10. The policy of the mujahideen of al-Qa’ida’s media incitement, especially Inspire magazine, has produced splendid results in the defining of its aims and marshalling potential.

11. For one of the authors put his name and photo [i.e. that of the editor of Charlie Hebdo] as a dead or alive target for the mujahideen, so the Western states should expect evil consequences and ruins by God’s power.

He then concludes with a call for people to disseminate and translate his tweets.



How are Things in Kobani?

By Jonathan Spyer

The battle for the Syrian Kurdish city of Kobani just entered its fourth month. It is now a fight for a heap of ruins. Four months of intense ground combat, involving tanks, mortars and RPGs as well as small arms, has reduced the city to rubble.

Nevertheless, Kobani matters. It is where the Syrian Kurds showed that with the right support, local fighters are capable of turning back the forces of the Islamic State.

Kobani also matters because as a result of the stand of the Kurdish YPG organization in the city, a potential reliable ally of the west in northern Syria has been identified. In the fight between rival successor entities over the ruins of Syria and Iraq, this is a relationship which deserves to be nurtured and developed.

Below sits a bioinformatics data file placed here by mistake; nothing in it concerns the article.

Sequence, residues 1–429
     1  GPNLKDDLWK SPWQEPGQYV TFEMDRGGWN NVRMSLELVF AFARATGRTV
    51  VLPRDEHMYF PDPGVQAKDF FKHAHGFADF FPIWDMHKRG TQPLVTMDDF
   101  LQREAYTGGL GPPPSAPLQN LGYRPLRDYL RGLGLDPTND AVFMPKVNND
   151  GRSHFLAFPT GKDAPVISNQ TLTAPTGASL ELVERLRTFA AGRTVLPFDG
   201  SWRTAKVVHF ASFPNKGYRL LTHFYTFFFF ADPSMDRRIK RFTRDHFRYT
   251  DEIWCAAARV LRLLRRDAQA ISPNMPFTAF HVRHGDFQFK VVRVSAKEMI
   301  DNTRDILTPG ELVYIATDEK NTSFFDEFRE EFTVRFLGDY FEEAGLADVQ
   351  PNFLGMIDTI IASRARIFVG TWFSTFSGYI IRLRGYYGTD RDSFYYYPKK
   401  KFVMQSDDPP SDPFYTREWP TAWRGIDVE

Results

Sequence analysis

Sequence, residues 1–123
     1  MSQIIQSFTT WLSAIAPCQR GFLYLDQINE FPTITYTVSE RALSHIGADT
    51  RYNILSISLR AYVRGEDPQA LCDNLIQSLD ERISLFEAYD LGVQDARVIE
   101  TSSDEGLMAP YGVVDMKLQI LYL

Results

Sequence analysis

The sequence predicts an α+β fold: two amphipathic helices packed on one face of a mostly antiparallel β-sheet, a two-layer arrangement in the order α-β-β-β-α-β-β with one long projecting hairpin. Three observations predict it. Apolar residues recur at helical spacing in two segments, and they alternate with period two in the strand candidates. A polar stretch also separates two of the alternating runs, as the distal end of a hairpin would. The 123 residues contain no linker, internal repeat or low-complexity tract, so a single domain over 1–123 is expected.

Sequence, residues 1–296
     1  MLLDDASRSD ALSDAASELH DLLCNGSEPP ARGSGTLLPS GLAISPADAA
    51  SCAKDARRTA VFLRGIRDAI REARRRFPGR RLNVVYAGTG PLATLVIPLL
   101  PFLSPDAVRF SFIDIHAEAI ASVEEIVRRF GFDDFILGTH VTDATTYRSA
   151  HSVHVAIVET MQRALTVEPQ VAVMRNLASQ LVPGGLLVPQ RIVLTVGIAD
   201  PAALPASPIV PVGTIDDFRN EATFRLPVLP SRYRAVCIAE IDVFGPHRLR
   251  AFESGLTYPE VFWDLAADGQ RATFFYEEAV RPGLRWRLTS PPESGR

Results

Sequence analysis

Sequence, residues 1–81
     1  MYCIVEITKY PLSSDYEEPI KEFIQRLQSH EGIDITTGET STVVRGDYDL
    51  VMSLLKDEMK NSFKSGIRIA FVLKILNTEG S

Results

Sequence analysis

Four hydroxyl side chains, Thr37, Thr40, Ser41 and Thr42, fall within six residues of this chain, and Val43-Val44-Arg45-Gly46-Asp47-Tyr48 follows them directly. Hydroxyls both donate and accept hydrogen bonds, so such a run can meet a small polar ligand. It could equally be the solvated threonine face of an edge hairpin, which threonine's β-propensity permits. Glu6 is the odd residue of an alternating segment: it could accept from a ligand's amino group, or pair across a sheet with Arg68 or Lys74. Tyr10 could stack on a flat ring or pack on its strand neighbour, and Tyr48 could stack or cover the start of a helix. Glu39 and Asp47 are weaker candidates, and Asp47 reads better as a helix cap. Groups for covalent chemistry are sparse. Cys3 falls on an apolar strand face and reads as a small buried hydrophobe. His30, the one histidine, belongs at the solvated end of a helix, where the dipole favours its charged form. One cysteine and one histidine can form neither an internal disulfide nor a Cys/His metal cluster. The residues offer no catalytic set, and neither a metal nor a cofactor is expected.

I visited Kobani before the IS assault of the autumn. In March of last year, the enclave was under siege from four directions – the jihadis from south, east and west, and the Turkish authorities from the north. The Turks had a strange and ambiguous relationship with the ISIS jihadis. Sometimes the border gates would be opened to let them exit and enter. Wounded jihadis were treated in hospitals in Ceylanpinar across the border, with no questions asked.

Still, the Kurds were holding out. The positions near Tal Abyad to the east, and Jarabulus to the west, were well defended. In a place called Haj Ismail, I observed as the YPG responded swiftly and efficiently to the first signs of an ISIS attack.